“I had a very early personal relationship with Christ, which made me feel I could face anything and that personal relationship really pushed me to go out. It’s a sentiment that’s really reflected in the mottos of our congregation: Christi Urget Nos, Christ compels us and In Omnibus Christus, Christ is in everything. I think people are often drawn to the Xavierans because of their openness to other cultures and not being afraid to reach out and that really appealed to me.”

Mapping out his mission

After his ordination in Parma, Fr Eugenio had designs on heading out to Congo because he had studied French in secondary school, but the congregation wanted to make use of him in Sierra Leone, a prospect that he found a little daunting as he had never studied English. To remedy this he was sent to a Xaverian College in Coatbridge, a Junior Seminary, to learn the language and thus began a life-long association with both Scotland and Sierra Leone.

“I was happy to go to Scotland,” he said. “I was happy to go out because I realised that being a missionary meant going out from your own country and reaching out to others, so I was happy to go to Scotland and from there go to Sierra Leone.”

His missionary service has also taken him to Uganda, Kenya, Ghana, Congo, Liberia and The Gambia, Chicago and Boston in the US, but it’s Sierra Leone where he spent most of his time and where he received his first insight into life in the missions—an insight that allowed him to see the Gospel played out right in front of him.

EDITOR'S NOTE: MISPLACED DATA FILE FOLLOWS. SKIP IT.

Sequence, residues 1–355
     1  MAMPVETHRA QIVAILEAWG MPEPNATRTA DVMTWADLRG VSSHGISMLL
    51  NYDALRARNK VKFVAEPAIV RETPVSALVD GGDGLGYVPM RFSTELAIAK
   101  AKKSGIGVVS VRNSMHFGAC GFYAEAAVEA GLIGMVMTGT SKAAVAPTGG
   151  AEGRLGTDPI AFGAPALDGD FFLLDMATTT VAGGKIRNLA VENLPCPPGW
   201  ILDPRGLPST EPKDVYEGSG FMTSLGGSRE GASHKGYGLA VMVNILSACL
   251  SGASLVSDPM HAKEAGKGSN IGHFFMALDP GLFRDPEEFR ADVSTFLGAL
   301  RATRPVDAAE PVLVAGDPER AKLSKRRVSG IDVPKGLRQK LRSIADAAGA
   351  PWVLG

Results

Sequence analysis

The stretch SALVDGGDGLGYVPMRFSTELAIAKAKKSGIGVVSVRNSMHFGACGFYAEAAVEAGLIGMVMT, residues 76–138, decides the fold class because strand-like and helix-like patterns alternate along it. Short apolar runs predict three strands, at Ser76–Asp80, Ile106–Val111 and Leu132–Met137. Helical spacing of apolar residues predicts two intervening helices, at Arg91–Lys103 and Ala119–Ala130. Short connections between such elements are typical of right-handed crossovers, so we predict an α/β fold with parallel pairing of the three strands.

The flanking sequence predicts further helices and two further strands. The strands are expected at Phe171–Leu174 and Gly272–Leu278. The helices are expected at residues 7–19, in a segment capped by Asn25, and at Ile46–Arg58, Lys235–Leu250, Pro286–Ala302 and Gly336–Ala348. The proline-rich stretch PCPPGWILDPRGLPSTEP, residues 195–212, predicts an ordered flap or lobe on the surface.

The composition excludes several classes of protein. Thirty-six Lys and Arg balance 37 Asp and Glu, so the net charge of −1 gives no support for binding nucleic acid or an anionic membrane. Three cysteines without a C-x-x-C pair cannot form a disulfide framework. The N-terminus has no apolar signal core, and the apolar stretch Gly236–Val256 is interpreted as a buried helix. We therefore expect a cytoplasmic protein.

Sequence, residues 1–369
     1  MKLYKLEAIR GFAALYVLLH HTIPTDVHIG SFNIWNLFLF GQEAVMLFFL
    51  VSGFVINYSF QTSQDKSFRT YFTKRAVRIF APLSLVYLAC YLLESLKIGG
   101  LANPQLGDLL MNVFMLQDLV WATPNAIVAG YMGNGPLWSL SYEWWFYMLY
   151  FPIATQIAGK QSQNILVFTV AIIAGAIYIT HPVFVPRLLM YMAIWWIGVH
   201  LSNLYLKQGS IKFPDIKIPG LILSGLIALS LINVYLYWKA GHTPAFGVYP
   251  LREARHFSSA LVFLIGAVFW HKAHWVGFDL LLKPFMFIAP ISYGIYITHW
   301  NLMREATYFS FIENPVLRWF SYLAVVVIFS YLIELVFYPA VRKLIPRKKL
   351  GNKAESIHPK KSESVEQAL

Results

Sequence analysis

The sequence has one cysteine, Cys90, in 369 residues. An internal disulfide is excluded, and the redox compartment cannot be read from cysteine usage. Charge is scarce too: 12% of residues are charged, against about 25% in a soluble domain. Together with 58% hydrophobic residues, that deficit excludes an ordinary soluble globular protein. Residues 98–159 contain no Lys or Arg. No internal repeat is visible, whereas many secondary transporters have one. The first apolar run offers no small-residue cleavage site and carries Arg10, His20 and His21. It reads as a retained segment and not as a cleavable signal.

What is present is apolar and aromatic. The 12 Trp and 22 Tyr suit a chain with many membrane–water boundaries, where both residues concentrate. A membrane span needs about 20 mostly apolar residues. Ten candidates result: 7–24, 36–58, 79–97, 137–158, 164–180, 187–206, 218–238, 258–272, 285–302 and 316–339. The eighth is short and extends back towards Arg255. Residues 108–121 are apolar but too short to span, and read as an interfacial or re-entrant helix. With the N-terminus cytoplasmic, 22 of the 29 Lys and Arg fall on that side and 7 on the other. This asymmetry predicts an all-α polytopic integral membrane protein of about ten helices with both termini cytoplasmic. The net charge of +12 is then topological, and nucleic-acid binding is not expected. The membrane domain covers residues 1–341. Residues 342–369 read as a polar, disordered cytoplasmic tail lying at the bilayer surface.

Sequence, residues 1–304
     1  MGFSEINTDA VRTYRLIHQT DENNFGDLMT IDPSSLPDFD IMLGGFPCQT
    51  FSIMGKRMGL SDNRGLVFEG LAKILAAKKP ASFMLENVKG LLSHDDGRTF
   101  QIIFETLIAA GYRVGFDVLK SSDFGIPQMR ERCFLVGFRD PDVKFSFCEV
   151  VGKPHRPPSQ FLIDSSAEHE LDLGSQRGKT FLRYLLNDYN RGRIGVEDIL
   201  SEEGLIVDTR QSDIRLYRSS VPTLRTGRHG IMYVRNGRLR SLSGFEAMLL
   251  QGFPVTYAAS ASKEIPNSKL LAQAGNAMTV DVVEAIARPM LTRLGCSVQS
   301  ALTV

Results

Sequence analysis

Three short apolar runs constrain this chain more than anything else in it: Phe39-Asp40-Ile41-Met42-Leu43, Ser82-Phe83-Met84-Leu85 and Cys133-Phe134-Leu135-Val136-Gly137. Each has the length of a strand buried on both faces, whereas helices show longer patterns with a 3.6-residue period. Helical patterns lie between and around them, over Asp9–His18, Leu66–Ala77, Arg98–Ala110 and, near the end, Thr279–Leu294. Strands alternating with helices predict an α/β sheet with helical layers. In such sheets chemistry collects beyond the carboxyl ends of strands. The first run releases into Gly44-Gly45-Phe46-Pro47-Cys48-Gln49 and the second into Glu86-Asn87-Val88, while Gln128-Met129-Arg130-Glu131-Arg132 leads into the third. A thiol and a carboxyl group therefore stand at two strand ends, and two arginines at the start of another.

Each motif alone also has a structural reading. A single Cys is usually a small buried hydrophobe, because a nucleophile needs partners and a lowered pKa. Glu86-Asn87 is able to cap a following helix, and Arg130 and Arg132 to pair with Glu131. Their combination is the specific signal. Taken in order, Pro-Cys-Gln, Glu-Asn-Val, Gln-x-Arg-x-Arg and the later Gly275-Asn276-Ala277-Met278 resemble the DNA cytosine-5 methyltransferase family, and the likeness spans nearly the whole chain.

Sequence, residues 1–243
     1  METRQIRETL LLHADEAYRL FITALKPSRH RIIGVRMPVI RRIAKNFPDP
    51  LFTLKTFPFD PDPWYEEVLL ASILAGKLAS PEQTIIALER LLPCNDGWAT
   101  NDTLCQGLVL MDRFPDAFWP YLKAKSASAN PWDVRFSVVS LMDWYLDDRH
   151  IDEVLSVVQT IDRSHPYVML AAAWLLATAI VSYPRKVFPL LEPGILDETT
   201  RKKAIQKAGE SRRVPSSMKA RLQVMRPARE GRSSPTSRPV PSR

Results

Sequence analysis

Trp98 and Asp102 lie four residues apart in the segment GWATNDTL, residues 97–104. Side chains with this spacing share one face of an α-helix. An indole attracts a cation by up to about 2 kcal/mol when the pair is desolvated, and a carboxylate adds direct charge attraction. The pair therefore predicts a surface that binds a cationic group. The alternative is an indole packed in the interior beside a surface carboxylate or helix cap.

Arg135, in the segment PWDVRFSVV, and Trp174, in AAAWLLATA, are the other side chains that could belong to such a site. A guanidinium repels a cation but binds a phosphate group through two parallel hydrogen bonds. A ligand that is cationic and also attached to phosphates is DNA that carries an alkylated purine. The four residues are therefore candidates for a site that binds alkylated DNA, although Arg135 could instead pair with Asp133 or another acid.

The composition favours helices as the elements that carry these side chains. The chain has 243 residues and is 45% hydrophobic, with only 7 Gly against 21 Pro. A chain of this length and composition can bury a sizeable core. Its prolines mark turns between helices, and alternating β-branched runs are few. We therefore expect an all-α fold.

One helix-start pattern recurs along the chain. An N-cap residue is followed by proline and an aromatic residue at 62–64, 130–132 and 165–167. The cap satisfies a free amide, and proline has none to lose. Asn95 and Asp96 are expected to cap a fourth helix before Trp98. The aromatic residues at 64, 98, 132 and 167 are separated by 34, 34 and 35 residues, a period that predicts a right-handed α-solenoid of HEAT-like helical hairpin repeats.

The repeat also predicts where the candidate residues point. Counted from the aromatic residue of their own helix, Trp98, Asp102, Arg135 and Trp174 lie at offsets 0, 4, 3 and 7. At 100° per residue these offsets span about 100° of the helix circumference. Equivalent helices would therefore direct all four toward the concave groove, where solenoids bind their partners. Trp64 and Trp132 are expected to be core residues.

“My first impression of life in the missions was that God had been there long before us,” he said. “In a village I saw the parable of the Prodigal Son lived out. In this village there were no Catholics. I came across a young man who had committed a crime and who was physically and literally kicked out of the village by the chief and the people who told him to stay out until he had changed his ways. After a couple of months the guy came back and the whole village came out and they sang, they cooked rice, they started dancing and whatnot. He was lost and had been found. They knew nothing about the Gospel and the Prodigal Son and yet they lived it, so that told me that the Lord was there before the missionaries arrived.”